— Deborah Miller-Collins
Duotrope has given me an opportunity to circumvent the possibility of having my work tied up for 6 to 8 months and then being rejected or ignored, by presenting the theme related requests from journals. This way appears to be a method of eliminating many submissions and allowing for much more rapid responses. I seldom do simultaneous submissions and even though I have little temper tantrums when my stuff is rejected, it is much easier to move on after 3 months than 6 or 8 or 10.
— John Aylesworth
My writing was languishing. After a number of brilliant early successes, I suddenly found myself remaindered. Hot dogs seemed to have a longer shelf life than the novel I had just slaved over for five years. I couldn’t face another long slog.
Back to the beginning. I needed some positive reinforcement and fast. I decided to experiment with flash.
Word counts vary, but generally flash is thought to be 1,000 words or less. Some journals in their submission guidelines can be very specific. I began using Duotrope before membership was compulsory. When the model changed, I gladly subscribed. The submission organizing service alone is worth the price. The weekly notifications have contributed greatly to my success. I’m close to having 80 pieces taken over the course of 7 years—and I attribute this to Duotrope—especially the call for themes.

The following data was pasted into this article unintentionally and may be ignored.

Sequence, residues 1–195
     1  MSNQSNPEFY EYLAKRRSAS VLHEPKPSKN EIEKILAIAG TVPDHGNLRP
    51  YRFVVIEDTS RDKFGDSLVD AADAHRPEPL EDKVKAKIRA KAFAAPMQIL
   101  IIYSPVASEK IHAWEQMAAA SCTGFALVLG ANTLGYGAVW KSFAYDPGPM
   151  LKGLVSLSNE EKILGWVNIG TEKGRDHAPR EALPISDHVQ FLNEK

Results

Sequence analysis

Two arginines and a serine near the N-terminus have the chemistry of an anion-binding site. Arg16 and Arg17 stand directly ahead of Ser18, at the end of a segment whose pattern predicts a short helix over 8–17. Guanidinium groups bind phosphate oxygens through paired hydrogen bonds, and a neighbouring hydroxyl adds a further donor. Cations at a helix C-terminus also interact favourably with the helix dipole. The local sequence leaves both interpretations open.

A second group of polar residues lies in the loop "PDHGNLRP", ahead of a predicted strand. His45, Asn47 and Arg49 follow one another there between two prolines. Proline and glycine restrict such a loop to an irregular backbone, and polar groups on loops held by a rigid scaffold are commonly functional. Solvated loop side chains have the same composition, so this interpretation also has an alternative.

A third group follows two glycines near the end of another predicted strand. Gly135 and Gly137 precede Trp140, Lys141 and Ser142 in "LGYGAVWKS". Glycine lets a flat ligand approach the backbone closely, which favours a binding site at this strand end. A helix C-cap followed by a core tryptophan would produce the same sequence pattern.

One of my quickest acceptances was after scanning the call for theme submissions I saw something for The Blue Hour. I’d just written a flash about those dusky moments before the sunsets, where we sometimes feel despair. I sent it and within five minutes got an answer. Accepted!
Jane Hertenstein is the author of numerous short stories and flash. Her work has been included in Hunger Mountain, Word Riot, Flashquake, and Rosebud as well as earning an Honorable Mention in Glimmer Train. Her literary interests are eclectic, evident in the titles she has published: Beyond Paradise (YA), Orphan Girl (non-fiction), Home Is Where We Live (children’s picture book), and a number of eBooks: Flash Memoir: Writing Prompts to Get You Flashing and Freeze Frame: How to Write Flash Memoir. Jane lives in Chicago where she blogs at Memoirous (memoirouswrite.blogspot.com/) @memoirjane
— Jane Hertenstein Website Twitter Facebook
I do not have an MFA but am a serious, dedicated, ambitious poet (a registered nurse by training). Because I have no MFA I have less access than some others to networking, "buzz," and general know-how about the nitty gritty of submitting work. When I started writing poetry not that long ago, I only had heard off about 10 well-known magazines that publish poetry. Duotrope has made the submission process simpler and sometimes even fun. When I have free time, I scroll through your listings randomly, like playing a slot machine. Where the scrolling stops, I investigate the journals that appear on my screen. I'm shop for journals to look into. Duh. I fill my cart. What's not to like?
— Martha Webster Facebook